Recognizing his ability in this work, the government had indeed given him its full confidence, and permitted him to exercise almost unbounded authority; which he fully utilized in favoring his personal friends, and drawing to himself the best resources of the whole country in arms, supplies, and officers of education and experience. For a while his outward demeanor indicated respect and gratitude for the promotion and liberal favors bestowed upon him. But his phenomenal rise was fatal to his usefulness. The dream that he was to be the sole savior of his country, announced confidentially to his wife just two weeks after his arrival in Washington, never again left him so long as he continued in command. Coupled with this dazzling vision, however, was soon developed the tormenting twofold hallucination: first, that everybody was conspiring to thwart him; and, second, that the enemy had from double to quadruple numbers to defeat him.

For the first month he could not sleep for the nightmare that Beauregard's demoralized army had by a sudden bound from Manassas seized the city of Washington. He immediately began a quarrel with General Scott, which, by the first of November, drove the old hero into retirement and out of his pathway. The cabinet members who, wittingly or unwittingly, had encouraged him in this he some weeks later stigmatized as a set of geese. Seeing that President Lincoln was kind and unassuming in discussing military questions, McClellan quickly contracted the habit of expressing contempt for him in his confidential letters; and the feeling rapidly grew until it reached a mark of open disrespect. The same trait manifested itself in his making exclusive confidants of only two or three of his subordinate generals, and ignoring the counsel of all the others; and when, later on, Congress appointed a standing committee of leading senators and representatives to examine into the conduct of the war, he placed himself in a similar attitude respecting their inquiry and advice.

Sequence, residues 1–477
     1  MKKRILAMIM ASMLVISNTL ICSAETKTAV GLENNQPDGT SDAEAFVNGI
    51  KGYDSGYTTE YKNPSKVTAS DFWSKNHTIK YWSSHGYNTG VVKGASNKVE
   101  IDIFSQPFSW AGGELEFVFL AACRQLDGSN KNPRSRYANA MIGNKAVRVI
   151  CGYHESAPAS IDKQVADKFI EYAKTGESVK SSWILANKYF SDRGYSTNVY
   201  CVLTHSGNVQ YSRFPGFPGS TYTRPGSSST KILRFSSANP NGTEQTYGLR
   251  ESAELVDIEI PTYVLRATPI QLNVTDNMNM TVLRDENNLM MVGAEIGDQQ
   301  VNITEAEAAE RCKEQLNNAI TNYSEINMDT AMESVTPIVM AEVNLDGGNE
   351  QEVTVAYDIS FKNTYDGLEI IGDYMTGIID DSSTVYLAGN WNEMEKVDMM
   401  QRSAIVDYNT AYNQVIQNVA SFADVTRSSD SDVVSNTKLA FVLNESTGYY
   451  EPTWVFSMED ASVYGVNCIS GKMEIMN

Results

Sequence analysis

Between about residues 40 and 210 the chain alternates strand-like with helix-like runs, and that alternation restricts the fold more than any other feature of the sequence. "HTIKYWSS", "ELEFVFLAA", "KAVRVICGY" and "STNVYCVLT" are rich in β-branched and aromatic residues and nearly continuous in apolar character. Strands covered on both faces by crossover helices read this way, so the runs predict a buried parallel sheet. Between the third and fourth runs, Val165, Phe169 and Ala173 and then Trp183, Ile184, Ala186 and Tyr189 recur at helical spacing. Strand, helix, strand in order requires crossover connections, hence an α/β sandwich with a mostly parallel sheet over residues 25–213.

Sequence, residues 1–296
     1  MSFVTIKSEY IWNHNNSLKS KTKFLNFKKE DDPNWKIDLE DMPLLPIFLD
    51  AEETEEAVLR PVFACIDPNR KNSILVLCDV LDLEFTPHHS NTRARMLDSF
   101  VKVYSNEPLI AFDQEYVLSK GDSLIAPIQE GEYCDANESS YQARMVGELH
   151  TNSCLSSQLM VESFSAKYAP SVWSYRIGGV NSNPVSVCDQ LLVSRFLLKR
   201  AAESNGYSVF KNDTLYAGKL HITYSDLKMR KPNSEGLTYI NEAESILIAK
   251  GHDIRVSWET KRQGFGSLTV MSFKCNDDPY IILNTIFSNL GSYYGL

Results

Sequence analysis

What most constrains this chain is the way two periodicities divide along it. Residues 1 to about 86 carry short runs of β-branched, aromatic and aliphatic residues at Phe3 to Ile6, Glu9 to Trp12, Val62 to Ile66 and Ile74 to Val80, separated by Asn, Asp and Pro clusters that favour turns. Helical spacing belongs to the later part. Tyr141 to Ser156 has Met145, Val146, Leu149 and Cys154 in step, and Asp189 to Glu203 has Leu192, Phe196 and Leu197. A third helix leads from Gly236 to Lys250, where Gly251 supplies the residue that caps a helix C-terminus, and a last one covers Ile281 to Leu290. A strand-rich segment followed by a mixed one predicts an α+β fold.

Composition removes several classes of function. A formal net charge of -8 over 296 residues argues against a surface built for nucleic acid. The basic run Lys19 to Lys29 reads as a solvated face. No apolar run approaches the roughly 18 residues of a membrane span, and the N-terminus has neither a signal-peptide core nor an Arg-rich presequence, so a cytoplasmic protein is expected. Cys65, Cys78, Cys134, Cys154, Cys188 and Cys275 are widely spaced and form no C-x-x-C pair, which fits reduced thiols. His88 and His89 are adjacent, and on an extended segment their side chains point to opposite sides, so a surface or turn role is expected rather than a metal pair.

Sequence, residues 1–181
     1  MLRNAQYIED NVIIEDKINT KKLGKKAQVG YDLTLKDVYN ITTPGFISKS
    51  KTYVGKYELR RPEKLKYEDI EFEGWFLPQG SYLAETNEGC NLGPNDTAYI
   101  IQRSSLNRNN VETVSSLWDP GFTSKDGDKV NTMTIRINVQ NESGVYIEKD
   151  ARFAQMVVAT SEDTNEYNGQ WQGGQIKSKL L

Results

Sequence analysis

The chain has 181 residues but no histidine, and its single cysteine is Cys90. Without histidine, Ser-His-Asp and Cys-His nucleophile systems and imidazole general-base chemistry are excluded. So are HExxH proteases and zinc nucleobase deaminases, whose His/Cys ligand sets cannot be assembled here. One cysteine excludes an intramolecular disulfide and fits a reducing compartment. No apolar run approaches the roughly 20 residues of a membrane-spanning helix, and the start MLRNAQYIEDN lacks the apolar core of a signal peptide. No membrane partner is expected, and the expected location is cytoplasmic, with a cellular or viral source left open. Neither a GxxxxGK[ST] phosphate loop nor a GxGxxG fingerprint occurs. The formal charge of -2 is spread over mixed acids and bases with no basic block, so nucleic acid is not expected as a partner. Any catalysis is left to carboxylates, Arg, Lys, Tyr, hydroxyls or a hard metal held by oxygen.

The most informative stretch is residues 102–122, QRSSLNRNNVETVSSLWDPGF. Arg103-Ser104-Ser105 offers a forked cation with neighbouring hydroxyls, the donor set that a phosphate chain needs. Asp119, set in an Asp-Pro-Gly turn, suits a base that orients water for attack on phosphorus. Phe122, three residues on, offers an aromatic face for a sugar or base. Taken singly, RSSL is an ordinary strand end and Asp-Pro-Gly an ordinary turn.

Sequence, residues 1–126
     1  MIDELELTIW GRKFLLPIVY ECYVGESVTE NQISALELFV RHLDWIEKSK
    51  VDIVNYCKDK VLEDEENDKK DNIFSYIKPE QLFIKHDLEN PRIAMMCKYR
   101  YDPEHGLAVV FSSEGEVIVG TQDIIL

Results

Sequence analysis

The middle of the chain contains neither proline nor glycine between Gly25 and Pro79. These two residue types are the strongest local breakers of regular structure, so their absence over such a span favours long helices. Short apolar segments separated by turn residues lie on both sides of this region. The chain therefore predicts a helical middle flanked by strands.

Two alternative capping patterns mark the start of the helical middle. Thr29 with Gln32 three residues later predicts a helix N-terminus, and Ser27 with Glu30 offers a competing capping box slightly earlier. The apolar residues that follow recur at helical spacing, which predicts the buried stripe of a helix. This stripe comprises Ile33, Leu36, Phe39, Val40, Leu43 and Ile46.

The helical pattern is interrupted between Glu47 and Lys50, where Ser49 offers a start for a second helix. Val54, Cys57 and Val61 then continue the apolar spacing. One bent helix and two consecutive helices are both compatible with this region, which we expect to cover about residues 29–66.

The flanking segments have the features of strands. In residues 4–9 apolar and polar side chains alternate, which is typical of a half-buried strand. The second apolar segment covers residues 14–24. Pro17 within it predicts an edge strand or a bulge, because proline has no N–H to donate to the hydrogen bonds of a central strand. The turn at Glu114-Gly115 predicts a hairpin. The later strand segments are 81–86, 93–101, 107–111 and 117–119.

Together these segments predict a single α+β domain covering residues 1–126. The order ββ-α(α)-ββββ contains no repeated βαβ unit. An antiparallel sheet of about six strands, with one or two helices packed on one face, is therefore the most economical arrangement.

McClellan's activity and judgment as an army organizer naturally created great hopes that he would be equally efficient as a commander in the field. But these hopes were grievously disappointed. To his first great defect of estimating himself as the sole savior of the country, must at once be added the second, of his utter inability to form any reasonable judgment of the strength of the enemy in his front. On September 8, when the Confederate army at Manassas numbered forty-one thousand, he rated it at one hundred and thirty thousand. By the end of October that estimate had risen to one hundred and fifty thousand, to meet which he asked that his own force should be raised to an aggregate of two hundred and forty thousand, with a total of effectives of two hundred and eight thousand, and four hundred and eighty-eight guns. He suggested that to gather this force all other points should be left on the defensive; that the Army of the Potomac held the fate of the country in its hands; that the advance should not be postponed beyond November 25; and that a single will should direct the plan of accomplishing a crushing defeat of the rebel army at Manassas.